You’ll probably be disappointed if you have reached this expecting a discussion of Pinnipeds, those sea mammals having flippers. Although of philatelic interest, that is not the subject. (Figure 1).
Postal seals are a necessity in dealing with letters and packages. What was sealed by the sender has a nasty habit of becoming unsealed before it reaches the intended receipent. Sometimes it wasn’t sealed to begin with. The Post Office reseals it and attaches a label on their action. (Figure 2).
Letters can get caught in machinery. Labels such Figure 3 acknowledge what happened, and why your letter is torn.
If you neglected to put a return address on the cover, the Post Office must open your letter in order to find where to return it. Figure 4). In Figure 5, the packet was undeliverable in Bangor, Co. Down. It was opened by Royal Mail to look for a return address, resealed. and sent to the Irish Returned Letter Section in Limerick. This group re-opened it, identified the sender, re-sealed it, and returned it to the sender.
The postal seal isn’t the only one in the business – Customs & Excise has a legitimate need to open some parcels to look for contraband or check for smuggling. Their seals are different but yet serve the same purpose. (Figure 6).
Collectors will also find postal, censorship seals used to reseal covers after the censor’s scrutiny. These are covered in a separate discussions of World War I and II censored mail. Figure 7 shows an Irish censor resealing label of World War II.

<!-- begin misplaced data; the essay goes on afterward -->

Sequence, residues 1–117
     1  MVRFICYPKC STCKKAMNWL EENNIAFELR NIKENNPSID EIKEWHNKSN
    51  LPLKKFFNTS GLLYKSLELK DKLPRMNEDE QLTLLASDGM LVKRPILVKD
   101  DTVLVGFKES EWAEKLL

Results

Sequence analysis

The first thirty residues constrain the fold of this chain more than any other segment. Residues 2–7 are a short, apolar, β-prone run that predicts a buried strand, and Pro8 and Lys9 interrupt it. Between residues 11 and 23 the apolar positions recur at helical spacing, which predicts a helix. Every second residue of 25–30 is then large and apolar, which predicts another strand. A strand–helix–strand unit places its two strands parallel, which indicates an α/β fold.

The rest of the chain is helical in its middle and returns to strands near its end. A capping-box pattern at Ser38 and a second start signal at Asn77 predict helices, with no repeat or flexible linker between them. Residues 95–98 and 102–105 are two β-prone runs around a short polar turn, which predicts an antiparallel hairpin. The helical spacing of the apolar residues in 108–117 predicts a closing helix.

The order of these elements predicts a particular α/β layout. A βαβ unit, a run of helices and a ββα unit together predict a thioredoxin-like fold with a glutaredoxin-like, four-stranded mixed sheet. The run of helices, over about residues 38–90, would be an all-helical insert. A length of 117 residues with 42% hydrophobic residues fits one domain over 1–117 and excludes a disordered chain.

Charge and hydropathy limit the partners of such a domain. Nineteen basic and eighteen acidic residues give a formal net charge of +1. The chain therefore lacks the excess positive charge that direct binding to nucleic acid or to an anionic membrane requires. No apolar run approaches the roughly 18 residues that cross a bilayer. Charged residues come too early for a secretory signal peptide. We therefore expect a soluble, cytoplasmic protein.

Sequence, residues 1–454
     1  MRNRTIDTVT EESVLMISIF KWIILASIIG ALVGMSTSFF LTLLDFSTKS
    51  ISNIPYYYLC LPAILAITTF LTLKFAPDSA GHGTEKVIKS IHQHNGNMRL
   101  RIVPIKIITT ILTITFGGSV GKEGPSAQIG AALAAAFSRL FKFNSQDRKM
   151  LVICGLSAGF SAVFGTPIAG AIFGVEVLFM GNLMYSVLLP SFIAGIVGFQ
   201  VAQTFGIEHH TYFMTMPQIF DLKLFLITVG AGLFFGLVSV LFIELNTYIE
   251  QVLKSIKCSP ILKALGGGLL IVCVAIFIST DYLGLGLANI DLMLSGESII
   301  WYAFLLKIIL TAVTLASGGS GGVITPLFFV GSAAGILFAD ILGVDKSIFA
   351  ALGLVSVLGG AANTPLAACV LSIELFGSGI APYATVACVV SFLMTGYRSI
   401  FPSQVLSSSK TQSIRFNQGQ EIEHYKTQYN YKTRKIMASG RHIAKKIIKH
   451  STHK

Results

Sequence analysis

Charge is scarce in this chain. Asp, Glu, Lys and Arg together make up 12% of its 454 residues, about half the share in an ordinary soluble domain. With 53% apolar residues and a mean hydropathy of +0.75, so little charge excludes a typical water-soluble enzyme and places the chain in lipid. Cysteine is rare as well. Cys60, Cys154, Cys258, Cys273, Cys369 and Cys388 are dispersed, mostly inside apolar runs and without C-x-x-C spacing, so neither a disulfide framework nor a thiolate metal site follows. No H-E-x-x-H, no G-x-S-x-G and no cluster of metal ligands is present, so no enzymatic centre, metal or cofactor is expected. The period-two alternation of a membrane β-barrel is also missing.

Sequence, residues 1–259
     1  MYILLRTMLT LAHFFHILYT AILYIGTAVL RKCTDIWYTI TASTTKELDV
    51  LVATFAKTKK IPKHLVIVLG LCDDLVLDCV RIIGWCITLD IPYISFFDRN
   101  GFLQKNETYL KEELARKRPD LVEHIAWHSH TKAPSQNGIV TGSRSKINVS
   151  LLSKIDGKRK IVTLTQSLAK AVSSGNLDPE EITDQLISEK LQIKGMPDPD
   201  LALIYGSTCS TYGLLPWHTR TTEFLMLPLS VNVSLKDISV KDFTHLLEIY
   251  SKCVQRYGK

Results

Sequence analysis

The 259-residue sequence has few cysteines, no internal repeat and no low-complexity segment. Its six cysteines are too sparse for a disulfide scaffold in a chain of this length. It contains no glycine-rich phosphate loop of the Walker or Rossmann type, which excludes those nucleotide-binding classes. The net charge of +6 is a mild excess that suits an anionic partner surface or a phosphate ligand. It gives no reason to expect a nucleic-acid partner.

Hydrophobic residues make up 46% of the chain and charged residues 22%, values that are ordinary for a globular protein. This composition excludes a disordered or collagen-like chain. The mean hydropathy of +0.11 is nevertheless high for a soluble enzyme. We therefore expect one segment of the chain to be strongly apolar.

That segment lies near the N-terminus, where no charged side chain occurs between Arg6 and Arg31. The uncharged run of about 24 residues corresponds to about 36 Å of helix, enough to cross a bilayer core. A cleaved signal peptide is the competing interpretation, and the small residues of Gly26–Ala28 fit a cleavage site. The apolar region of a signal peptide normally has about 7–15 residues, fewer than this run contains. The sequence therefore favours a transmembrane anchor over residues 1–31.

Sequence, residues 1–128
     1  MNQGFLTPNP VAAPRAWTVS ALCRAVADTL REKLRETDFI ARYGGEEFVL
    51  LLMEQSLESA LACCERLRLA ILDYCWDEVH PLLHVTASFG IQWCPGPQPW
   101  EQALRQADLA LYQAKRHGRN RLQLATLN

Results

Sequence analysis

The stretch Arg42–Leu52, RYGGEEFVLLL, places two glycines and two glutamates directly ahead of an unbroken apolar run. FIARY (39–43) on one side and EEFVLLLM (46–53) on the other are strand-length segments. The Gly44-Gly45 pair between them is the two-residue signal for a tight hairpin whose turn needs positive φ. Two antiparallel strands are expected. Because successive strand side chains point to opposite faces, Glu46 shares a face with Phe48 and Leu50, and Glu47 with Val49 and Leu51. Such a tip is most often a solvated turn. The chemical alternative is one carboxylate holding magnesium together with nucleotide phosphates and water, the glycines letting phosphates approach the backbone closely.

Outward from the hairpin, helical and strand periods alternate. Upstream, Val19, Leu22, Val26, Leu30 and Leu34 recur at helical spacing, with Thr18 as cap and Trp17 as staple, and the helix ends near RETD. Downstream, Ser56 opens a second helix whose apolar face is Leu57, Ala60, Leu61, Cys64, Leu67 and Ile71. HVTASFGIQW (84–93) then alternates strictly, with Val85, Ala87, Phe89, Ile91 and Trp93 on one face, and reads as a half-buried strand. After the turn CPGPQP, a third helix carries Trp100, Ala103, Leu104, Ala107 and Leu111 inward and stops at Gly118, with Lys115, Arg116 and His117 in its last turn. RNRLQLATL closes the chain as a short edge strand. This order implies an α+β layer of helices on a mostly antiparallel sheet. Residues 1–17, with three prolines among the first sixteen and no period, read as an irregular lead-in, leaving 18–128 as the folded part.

Seals also serve to publicize the membership in a society. The “Shamrock” seals announce to the world that they are a member of an organization. The Eire Philatelic Association used such stamps before the internet became the medium of choice for conveying information. The cost of printing and the decrease in letter writing has made them superfluous. Figure 8
Before gummed labels, wax seals were used to seal or reseal, mainly for security. (Figure 9). The wax used was hard and brittle, unlike beeswax. When heated over a candle, and dripped on a letter joint, it then impressed with a metal seal. In many cases, signet rings, with ornate designs, were used. Any attempt to open the envelope would result in cracks or damages to the seal. The REM envelope shown carried money from a small post office to the accounting office in Tipperary.
We must not forget Christmas seals. (Figure 10). While normally considered outside the realm of serious stamp collecting, they are stamps, but not issued by the government, and have no franking value. Most are produced by charities, such as the Red Cross, to raise money for support of their goals. The Irish Hospital Fund raised money to support the construction of many rural facilities.
Political seals are an entirely different animal, figuratively. These serve not only to raise funds but also to raise awareness of the groups existence and stated goals. These are covered in a separate article on Propaganda.